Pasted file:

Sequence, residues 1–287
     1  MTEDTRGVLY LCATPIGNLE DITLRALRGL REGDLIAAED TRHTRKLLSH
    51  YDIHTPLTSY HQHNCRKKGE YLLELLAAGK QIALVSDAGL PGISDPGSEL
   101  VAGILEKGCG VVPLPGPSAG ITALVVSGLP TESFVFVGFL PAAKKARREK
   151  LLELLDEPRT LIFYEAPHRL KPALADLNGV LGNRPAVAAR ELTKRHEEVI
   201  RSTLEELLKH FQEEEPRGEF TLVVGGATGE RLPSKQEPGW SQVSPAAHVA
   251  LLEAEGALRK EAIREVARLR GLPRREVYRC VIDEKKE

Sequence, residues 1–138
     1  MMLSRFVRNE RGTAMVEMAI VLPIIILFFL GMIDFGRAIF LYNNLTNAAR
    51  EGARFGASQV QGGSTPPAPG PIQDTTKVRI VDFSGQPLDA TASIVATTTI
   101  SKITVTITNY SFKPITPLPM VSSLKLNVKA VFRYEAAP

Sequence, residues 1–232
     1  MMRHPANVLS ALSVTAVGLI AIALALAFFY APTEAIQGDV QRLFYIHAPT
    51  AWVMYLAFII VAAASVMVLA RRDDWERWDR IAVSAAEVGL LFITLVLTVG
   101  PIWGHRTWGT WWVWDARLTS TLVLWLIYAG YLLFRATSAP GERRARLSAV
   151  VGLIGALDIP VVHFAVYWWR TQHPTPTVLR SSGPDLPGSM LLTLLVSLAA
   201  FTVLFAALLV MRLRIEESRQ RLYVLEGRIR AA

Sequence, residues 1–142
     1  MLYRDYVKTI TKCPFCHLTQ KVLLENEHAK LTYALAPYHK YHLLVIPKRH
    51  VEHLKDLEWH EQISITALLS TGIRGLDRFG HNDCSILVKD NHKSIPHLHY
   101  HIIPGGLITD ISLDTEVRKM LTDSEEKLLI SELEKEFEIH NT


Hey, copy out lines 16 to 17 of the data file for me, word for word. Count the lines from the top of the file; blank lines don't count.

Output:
   151  VGLIGALDIP VVHFAVYWWR TQHPTPTVLR SSGPDLPGSM LLTLLVSLAA
   201  FTVLFAALLV MRLRIEESRQ RLYVLEGRIR AA